Rebecca, by Daphne du Maurier

I just finished Daphne du Maurier’s Rebecca and couldn’t put it down. It’s written in 1938 and tells the story of a young, unnamed narrator who, after a whirlwind romance, follows her new husband back to his estate, Manderley. There, she learns more about his first wife, Rebecca, who has been dead not even a year and to whom she feels she can never measure up against. It’s thrilling to watch as the second Mrs. de Winter, young and naive, finds herself fighting a ghost and her imagination for her home, sanity and love. I love the narrator’s imaginative tangents, I love the evocative language, the sensual descriptions that allow me to almost smell the azaleas and see the English mists, and above all, I was captivated by the mystery surrounding Rebecca’s death. Highly recommend!

The Giver, by Lois Lowry


Every now and then, I want to reread some of the classics from my childhood. Last year, I reread A Swiftly Turning Planet; this year, I picked up Lois Lowry’s The Giver. I think I read it in middle school, but remembered almost nothing. This is an incredible story. It’s a dystopian future that follows a boy named Jonas, who is chosen to become the Receiver of Memory for his community, a place that values sameness at the loss of color, feeling and memories, both happy and sad. There is a lot that I’m sure went over my head when I read it before, but it deals with so many intense themes—death, grief, war, suffering—that I’ve been thinking about it since I finished it yesterday. It’s a remarkable story, and one of those young adult stories that resonates more now than it did the first time I read it. Highly recommend, even more so for adults than for children!

Immersion, by MJ Prest


Author MJ Prest reading from her novel Immersion.

Last weekend, a friend invited the family and me to a book event for one of his friends. We accepted the Facebook invite and, noting that it said that anyone dressed as a merman would get a free copy of the book, I spent most of last Friday making Jason a merman cape (which involves felt fish and seaweed—I had wanted to get a trident, too, but this was sort of last minute!). Anyway, I’m a little embarrassed to say that I knew nothing about the book when we arrived at Mellow Fellow, an excellent little dog-friendly tap room with an outdoor patio, on the north shore of Lake Tahoe. Fortunately, the author, MJ Prest, was wonderful—we talked about her Young Adult novel, Immersion, which is a retelling of the story of Atlantis (complete with, as she put it, “a ripped merman”), as well as about self-publishing, audiobooks and marketing. It was great to connect with another writer to learn a little about the next step, and to celebrate her accomplishment. She treated us all to Mermaid’s Tail Ale and cake and did a reading of the first chapter. It’s the first book in a trilogy, and I’m very excited for Jason to get his copy (he was, believe it or not, the only person dressed as a merman). Click here for the ebook to immerse yourselves in a fun read! Big congrats to MJ; learn more at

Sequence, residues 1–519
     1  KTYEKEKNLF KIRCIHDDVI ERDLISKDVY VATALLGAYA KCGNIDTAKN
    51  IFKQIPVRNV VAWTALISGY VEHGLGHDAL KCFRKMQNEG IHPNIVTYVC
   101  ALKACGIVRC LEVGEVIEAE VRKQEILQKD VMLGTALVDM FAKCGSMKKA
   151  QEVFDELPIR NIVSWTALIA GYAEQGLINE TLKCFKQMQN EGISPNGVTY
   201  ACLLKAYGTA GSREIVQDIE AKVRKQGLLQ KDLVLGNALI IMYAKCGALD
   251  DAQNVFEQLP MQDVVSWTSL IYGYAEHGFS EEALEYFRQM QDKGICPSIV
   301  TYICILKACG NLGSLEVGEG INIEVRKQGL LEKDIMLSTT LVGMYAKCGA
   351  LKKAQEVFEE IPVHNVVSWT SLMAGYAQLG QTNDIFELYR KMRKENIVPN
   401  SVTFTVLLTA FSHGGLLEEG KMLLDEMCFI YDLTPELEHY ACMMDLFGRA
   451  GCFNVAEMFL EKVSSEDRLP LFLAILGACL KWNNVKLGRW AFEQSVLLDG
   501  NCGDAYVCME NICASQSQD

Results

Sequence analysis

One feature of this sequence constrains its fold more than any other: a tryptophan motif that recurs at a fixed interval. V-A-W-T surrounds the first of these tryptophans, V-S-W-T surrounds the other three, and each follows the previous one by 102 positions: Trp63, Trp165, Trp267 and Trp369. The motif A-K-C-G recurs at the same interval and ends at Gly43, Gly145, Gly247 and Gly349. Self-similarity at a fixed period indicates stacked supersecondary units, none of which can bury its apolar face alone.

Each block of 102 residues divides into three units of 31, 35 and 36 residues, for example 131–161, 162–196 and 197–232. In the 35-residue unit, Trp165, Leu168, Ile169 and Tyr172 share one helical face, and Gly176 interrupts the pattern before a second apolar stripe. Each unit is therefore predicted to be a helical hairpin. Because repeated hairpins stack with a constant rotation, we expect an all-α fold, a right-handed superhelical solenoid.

E-book Happiness

I admit it—everyday I fall a little bit more in love with my iPad! I’ve had a list of books that I’ve wanted to read for awhile now, but I couldn’t find any of my choices at the library or at Grassroots Books, which is my favorite used books store in Reno. I’m such a sucker for print books—I love the feel, the smell, flipping the pages—but when I received a Kindle gift certificate for my baby shower, I decided to bite the bullet, download the Kindle app and try out an ebook. I ordered The Things They Carried (I’d recently seen author Tim O’Brien speak and so this title was on the top of my list) and I may now be an ebook convert! I finished the book in just a few days, and in the meantime, managed to check out The Paris Wife, my next book club book, digitally from my library. I had no idea that was even possible! Seeing as I haven’t read much lately beyond In The Night Kitchen and Counting Fun with Elmo & Friends (two of Nora’s current favorites), being able to download real, adult books may be the highlight of my month (at least until baby arrives!). I heart you, iPad.

Cutting for Stone, by Abraham Verghese

I’d been hearing how wonderful this book was for forever, so I finally picked up at copy at Reno’s Sundance Bookstore. The story of two twin brothers born to an Indian nun and a cold, British surgeon father in Ethiopia, the book is told mostly from the perspective of Marion, the older of the pair by just a few minutes.